The rail yard and much of the town lay below a high bluff. I found a small diner on a dingy street near the tracks, where the smell of frying bacon reached out, set a hook in my hunger, and reeled me in. In her dream state, Emmy had told me that I’d know when the time was right to use the money in my boot, and I was hungry—and lonely—and decided it was time. I took a stool at the counter. The woman back of it was thin, blond, tired-looking, but with a nice smile when she saw me sit down. She reached out and plucked a couple of bits of straw off my shirt.

“Where’d you sleep last night, hon? In a haystack?”

“Something like that.”

“Hungry?”

“You bet.”

“What’ll it be?”

“Eggs and bacon,” I said. “And toast.”

“How do you want those eggs?”

“Scrambled, please.”

“Please,” she said, still smiling. “Wish all my customers were that polite.”

“Where am I?” I asked.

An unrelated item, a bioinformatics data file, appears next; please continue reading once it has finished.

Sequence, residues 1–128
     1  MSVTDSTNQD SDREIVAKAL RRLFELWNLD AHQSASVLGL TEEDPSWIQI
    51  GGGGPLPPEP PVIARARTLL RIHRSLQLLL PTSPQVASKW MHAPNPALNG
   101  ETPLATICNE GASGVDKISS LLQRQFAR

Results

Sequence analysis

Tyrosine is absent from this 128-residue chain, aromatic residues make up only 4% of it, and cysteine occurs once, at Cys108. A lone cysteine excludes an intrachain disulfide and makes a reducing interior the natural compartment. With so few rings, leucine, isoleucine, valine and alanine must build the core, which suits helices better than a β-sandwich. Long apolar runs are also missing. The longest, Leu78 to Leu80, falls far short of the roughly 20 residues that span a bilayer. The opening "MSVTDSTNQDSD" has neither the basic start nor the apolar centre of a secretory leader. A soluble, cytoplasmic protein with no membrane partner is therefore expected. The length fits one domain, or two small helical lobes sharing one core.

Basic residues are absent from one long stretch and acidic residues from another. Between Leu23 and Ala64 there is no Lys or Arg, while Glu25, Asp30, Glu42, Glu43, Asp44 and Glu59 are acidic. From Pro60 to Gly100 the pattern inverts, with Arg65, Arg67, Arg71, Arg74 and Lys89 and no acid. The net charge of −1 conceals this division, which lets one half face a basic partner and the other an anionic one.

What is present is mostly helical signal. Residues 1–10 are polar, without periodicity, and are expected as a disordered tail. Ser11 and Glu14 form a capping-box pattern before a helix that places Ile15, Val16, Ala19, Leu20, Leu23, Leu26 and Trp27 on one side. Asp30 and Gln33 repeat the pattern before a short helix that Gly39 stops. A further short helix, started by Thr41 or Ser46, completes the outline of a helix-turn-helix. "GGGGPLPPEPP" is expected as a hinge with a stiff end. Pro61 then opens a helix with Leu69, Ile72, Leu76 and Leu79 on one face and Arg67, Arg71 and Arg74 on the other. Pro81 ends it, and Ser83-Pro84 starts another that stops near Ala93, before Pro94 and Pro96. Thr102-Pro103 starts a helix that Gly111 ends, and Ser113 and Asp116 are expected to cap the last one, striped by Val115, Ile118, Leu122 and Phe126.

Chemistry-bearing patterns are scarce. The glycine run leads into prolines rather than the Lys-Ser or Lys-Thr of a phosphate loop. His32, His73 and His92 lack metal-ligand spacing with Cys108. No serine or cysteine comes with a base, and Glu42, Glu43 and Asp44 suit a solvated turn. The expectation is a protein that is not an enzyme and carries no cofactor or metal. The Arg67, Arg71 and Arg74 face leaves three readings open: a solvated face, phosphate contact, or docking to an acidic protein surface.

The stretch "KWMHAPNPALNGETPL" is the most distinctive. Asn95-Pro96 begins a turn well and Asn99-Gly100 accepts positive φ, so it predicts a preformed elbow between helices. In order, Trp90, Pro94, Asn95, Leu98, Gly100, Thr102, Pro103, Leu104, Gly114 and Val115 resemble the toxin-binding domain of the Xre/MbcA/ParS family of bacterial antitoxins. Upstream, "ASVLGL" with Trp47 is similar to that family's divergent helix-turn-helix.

A man who sat a few stools away said, “Dubuque, Iowa, son.” He winked at the woman behind the counter. “No haystack, Rowena. This boy slept in a boxcar or my name ain’t Otis.”

“That right, hon?” Rowena said. “Are you riding the rails?”

I didn’t know how they might feel about that, so I didn’t answer.

“Where are your folks?” Rowena asked.

“Dead.”

“Aw, sweetie, that’s a shame.”

“How long since you ate, son?” the man asked.

“Last night. I ate pretty good.”

“Right,” the man said, as if he thought I was lying but understood. “His breakfast is on me, Row.”

“I couldn’t,” I said.

“Look, son, I got a boy your age at home. If he was out there on his own, I’d want somebody to give him a hand.”

“Thank you, sir.”

“Sir,” he said with a smile. “Somebody raised you right.”

I left the diner full, not just from the food but also from the kindness of those strangers. I couldn’t help wishing Albert had been with me to share the experience, something we could talk about warmly over a fire at night. I missed him terribly, and besides that, good things are made even better when you share the story of how they came to be. But whenever I thought about Albert—or Mose or Emmy—a cloud came over my happiness because I wasn’t certain if I would ever see them again.

I CAUGHT A